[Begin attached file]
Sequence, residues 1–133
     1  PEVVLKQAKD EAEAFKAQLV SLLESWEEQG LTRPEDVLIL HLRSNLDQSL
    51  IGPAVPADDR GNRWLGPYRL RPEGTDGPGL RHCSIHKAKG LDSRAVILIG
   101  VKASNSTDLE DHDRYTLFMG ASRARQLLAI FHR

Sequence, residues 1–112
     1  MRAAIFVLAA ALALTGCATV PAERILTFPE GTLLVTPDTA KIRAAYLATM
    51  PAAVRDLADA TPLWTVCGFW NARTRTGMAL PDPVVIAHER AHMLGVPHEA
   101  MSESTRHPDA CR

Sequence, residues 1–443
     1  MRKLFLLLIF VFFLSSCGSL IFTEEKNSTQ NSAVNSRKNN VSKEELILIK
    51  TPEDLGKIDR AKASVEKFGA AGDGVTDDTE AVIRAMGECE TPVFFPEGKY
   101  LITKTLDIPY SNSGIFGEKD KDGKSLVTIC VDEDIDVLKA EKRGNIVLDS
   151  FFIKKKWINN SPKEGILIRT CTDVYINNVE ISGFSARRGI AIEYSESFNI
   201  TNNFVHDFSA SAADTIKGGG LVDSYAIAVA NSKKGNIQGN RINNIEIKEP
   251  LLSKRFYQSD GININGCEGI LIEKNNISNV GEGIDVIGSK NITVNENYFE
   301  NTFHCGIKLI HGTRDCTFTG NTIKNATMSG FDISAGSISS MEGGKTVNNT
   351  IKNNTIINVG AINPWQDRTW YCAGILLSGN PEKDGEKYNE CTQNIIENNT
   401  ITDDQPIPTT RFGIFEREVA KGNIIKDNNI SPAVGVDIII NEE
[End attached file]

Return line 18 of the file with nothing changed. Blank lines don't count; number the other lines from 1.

   401  ITDDQPIPTT RFGIFEREVA KGNIIKDNNI SPAVGVDIII NEE